2. Become coachable. If you’re resistant to change, if you project how things “should” be, if you’re inclined to reinvent the wheel due to ego or pride, lose the attitude. Surrender. You have a valuable service and if you’re to remain viable, you must seek wise counsel. And follow it! It’s still breath taking to me how many chiropractors pay enormous sums to coaching firms and admittedly only implement a fraction of the advice—yet expect effortless results. (Sounds kind of like patients!)

3. Ask more questions. “How are we doing?” “How could we serve you better?” “If this were your practice, what would you do to introduce more people to chiropractic?” “What’s the most difficult thing about telling others about chiropractic?” “What are some the biggest changes you’ve seen since beginning care?” “How would you rate the first impression a new patient receives when they walk in our front door?” I could go on and on and on. That’s because I have an insatiable curiosity. Most chiropractors rely totally on efferent communications. Without the afferent, you have a major subluxation in your practice.

4. Extend your reach via the internet. It used to be somewhat endearing when a chiropractor would boast, “I don’t even know how to turn my computer on.” Cute. Dragging your feet, unwilling to learn new, 21st century skills is holding you back. Simply put, you must have a web site. Naturally, I recommend our sister company, Perfect Patients. Either way, you must embrace technology. Patients are. And they’re using the Internet to get information, find a practitioner and “check you out” prior to making an appointment. Without an Internet presence, you’re unknowingly being penalized.

5. Tell a new story. If you’re been relying on the Pain Story or the Bone Story to prompt patients to show up to use the benefits of their policy, you may want to transition to the Nerve Story or the Lifestyle Story. Reducing chiropractic to a low-tech intervention for episodes of back pain, while better than drugs or surgery, is hardly the highest and best use of chiropractic. Invent yourself as a nerve doctor rather than a glorified spine mechanic. Discover doctors Jim Sigafoose, Reggie Gold, James Chestnut and others who can give what you do the majesty and meaning you rightfully deserve.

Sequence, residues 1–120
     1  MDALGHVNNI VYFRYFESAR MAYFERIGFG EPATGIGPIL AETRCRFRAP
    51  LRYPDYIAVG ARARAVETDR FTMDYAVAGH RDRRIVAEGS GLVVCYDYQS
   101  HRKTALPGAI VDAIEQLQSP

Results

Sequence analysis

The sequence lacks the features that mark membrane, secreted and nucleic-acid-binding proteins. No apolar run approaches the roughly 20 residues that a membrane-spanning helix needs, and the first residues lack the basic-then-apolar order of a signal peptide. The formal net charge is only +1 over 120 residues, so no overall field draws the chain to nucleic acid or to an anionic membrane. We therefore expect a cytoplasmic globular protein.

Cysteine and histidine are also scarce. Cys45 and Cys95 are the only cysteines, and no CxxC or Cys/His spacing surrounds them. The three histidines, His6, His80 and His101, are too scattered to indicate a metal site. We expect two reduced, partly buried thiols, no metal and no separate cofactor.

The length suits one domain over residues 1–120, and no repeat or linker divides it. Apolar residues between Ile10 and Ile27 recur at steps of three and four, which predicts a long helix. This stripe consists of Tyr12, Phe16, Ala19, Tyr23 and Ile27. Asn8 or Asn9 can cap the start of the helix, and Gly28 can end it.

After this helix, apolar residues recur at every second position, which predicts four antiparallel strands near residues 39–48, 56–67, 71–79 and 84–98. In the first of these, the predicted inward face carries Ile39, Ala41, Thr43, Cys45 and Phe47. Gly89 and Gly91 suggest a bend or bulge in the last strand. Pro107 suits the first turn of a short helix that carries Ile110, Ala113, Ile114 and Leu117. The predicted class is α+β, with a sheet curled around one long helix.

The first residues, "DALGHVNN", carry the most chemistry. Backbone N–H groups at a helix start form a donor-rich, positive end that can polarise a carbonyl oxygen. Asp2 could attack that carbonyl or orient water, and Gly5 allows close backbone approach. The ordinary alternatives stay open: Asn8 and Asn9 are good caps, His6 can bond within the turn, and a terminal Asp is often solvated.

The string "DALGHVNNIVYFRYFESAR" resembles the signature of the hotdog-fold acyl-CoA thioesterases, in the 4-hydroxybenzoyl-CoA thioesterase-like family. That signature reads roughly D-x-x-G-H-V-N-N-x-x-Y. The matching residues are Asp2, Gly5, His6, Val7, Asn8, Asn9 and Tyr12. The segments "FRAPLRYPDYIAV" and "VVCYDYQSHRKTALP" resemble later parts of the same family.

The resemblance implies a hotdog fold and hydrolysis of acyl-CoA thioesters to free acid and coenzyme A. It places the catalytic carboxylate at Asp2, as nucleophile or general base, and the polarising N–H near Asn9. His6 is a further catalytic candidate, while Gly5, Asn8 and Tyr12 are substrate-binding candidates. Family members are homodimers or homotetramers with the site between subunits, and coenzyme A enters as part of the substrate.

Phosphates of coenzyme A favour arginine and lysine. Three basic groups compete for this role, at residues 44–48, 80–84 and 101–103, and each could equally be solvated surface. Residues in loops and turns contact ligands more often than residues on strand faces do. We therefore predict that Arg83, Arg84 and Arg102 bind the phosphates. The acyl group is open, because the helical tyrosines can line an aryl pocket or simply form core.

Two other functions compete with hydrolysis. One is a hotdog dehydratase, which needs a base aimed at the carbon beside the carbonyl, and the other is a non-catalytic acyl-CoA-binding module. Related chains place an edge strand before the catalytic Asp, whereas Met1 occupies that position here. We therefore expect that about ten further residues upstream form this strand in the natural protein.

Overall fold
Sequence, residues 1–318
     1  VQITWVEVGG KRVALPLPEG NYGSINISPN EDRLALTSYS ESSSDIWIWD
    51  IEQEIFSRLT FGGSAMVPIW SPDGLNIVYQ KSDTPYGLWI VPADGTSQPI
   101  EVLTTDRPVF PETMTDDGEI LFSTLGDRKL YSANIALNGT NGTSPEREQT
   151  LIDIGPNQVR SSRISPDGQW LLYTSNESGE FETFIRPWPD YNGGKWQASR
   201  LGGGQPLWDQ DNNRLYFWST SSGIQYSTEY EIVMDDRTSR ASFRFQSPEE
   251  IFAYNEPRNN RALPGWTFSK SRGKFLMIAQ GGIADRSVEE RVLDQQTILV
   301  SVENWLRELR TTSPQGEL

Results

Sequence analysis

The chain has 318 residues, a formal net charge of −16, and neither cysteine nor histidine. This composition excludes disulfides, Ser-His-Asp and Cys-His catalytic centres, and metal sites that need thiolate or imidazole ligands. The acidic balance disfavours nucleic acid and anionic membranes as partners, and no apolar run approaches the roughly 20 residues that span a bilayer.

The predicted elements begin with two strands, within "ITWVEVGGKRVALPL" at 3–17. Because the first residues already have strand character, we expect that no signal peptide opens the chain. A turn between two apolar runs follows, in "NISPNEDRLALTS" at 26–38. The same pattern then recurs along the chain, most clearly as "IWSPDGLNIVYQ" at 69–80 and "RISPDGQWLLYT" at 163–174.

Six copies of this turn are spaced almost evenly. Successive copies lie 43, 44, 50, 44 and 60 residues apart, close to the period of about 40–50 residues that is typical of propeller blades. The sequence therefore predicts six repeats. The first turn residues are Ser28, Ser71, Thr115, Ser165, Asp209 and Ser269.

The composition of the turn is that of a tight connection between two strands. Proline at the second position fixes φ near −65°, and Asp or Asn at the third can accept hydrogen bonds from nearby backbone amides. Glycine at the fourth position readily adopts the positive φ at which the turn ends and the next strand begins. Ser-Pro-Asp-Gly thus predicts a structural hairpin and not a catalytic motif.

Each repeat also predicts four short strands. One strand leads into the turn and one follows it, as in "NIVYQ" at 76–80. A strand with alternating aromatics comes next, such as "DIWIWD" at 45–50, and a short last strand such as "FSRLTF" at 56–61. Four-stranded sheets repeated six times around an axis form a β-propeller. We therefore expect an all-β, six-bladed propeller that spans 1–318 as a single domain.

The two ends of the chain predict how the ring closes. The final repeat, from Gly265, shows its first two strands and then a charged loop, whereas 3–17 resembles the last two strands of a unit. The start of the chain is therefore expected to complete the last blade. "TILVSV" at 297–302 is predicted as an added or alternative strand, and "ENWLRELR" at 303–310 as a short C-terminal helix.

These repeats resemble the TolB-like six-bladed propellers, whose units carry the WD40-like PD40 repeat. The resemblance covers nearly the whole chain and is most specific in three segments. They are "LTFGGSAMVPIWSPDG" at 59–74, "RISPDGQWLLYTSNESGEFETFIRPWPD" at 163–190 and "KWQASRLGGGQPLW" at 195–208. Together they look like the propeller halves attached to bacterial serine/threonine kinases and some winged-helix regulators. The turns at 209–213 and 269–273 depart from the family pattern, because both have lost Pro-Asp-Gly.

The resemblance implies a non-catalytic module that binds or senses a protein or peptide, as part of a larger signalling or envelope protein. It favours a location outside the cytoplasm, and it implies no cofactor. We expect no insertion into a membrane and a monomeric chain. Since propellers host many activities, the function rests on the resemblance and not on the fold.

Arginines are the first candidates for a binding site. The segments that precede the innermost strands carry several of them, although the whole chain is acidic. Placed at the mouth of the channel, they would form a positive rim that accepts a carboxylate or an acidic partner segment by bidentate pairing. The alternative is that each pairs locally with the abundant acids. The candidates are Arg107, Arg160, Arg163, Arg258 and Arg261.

7. Get off the dole. If you’ve allowed third parties to domesticate you, you may believe chiropractic isn’t valuable enough to prompt patients to reach into their pocket or purse to pay for your services. If you’ve “fallen in with the wrong crowd,” that is, people for whom how their doctor bill is paid is more important than who the doctor is or what the doctor does, you have a major shift ahead of you. It’s time to begin the process of converting to cash. If Wal-Mart is interested in tapping into the organic food market and McDonald’s is selling apples, you know the culture has shifted. Have you?

One of the signs of intelligence is the ability for an organism to adapt to its environment. If you’ve had your head down for the last decade or so, you have some “adjusting” to do. No problem. All of us at Patient Media would love to be a resource for you as you reinvent, renew and rekindle your passion for chiropractic.

Comments (2)

Hi Bill,

Just wanted to add my enthusiastic recommendation for the Perfect Patients Website.

As I approach my 32nd year of serving the masses, I am reaching more people than I ever thought possible with great web content really communicates the Wellness Paradigm and the chiropractic lifestyle.

Living and working in the Silicon Valley demands that I offer a content rich site that has a "Wow Factor." My Perfect Patients website does that and more. There isn't a week that goes by without positive feedback from my existing practice members, or a new patient inquiry.

When a new patient completes the entry form and indicates that they were referred by the inernet, I just nod, break into a big smile, and say "Pretty cool, isn't it?"

Chuck Fulanovich, DC

Julie Seymour:

Hi Bill,

What a great post!

I realized about a year ago that I was missing a big piece of my marketing puzzle by allowing my website to languish. So, on March 1st I opened my online store, and I'm struggling to overcome some inertia that I've got about starting my own blog. Seems like I've got a lot to say ~ all kinds of soap boxes to jump up on until I sit down in front of a blank computer screen.

Thanks for this great blog,

Julie

WDE: Welcome to my world.

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From March 16, 2007 8:37 AM